Amid protests, UK lawmakers debate downgrading Trump visit
In a passionate debate that's unlikely to change the British government's position, Trump was labeled a misogynist, a bigot and a "petulant child" by opposition legislators. They argued that a state visit planned for later this year will demean the U.K. and Queen Elizabeth II, the president's official host.
Conservative lawmakers, however, said revoking the invitation would do far more harm. Tory lawmaker Edward Leigh said canceling the state visit would be "catastrophic" to the trans-Atlantic relationship.
"He is the duly elected president of the United States. ... It would be a disaster if this invitation is rescinded," Leigh said.
Monday's debate was called after more than 1.8 million people signed an online petition calling for the state visit to be downgraded.
All petitions on the government's website that receive more than 100,000 signatures are eligible for debate in Parliament, though not a binding vote. Lawmakers on Monday also considered an opposing petition, with more than 300,000 signatures, backing the state visit.
No formal vote was held at the end of the three-hour debate, which took place in a side-room of Parliament rather than the House of Commons chamber. The chants of protesters outside could be heard as lawmakers spoke.
Labour Party legislator Tulip Siddiq said Trump should not be allowed to spread "his bigotry, his misogyny, his division" in Britain. Another Labour lawmaker, Daniel Zeichner, called the president "a disgusting, immoral man."
"We do not welcome bigots," he said.
Labour's Paul Flynn pointed out that a state visit was a "rare privilege" given to only two other U.S. presidents since the 1950s — George W. Bush and Barack Obama.
State visits are distinct from official visits, and see foreign leaders welcomed with royal pomp and military ceremony. Most stay at Buckingham Palace as guests of the monarch, and Flynn said a state visit would make it appear as if the queen were "approving the acts of Donald J. Trump" — a man Flynn said had behaved "like a petulant child."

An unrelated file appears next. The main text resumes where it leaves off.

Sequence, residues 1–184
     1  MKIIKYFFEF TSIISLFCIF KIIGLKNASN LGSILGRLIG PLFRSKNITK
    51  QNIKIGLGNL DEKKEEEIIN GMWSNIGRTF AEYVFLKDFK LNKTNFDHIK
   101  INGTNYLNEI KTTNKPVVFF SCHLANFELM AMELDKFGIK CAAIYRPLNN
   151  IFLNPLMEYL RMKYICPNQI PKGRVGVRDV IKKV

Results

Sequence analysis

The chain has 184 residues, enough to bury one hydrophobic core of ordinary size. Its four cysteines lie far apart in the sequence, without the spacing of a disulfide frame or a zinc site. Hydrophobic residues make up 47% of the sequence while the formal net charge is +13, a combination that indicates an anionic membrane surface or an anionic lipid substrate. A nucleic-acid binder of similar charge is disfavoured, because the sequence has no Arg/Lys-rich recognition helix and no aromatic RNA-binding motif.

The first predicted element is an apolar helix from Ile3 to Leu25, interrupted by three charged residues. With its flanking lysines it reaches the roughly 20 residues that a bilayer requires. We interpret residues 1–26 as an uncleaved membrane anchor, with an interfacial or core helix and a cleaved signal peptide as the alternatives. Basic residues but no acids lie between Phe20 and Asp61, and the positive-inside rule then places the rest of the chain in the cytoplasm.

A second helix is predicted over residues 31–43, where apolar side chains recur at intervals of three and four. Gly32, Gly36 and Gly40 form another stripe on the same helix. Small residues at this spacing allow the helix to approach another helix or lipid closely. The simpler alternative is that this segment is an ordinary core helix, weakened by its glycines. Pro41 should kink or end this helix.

Both Bush and Obama made their state visits several years into their tenures. Prime Minister Theresa May invited Trump a week after his Jan. 20 inauguration.
Some lawmakers said May's haste to bolster the trans-Atlantic "special relationship" as the U.K. prepares to leave the European Union had an edge of desperation.
"We didn't do this for Kennedy," Labour lawmaker David Lammy said. "We didn't do this for Truman. We didn't do this for Reagan. But for this man, after seven days, we say 'Please come and we will lay on everything because we are so desperate for your company?'... I am ashamed that it has come to this."
During her 65-year reign, Elizabeth has welcomed many leaders with less-than-spotless records, including Russian President Vladimir Putin and the late Romanian dictator Nicolae Ceausescu. A 2015 state visit by Chinese President Xi Jinping drew protests from Tibetan groups and human rights activists.
Conservative lawmaker Jacob Rees-Mogg said critics of Trump's pending visit were being hypocritical.
"What complaint did the honorable member make when Emperor Hirohito came here?" he asked Flynn.
The Japanese emperor's 1971 state visit was highly controversial at the time. But Trump's invitation has sparked unprecedented opposition, especially after he issued an executive order temporarily barring citizens of seven majority-Muslim nations from entering the United States. The order has since been suspended by U.S. courts.
Thousands of people demonstrated against the order in British towns and cities, and London Mayor Sadiq Khan urged the government to reconsider its invitation in light of Trump's "cruel" migrant ban.
House of Commons Speaker John Bercow set aside his customary political neutrality to say that Trump should not be invited to address Parliament when he comes to Britain.
The government insists Trump's visit will take place, though dates have not been announced.
"We believe it is absolutely right that we should use all the tools at our disposal to build common ground with President Trump," Foreign Office Minister Alan Duncan told lawmakers.
"The visit should happen, the visit will happen," he added. "And when it does I trust the United Kingdom will extend a polite and generous welcome to President Donald Trump."
TALK TO US
If you'd like to leave a comment (or a tip or a question) about this story with the editors, please email us. We also welcome letters to the editor for publication; you can do that by filling out our letters form and submitting it to the newsroom.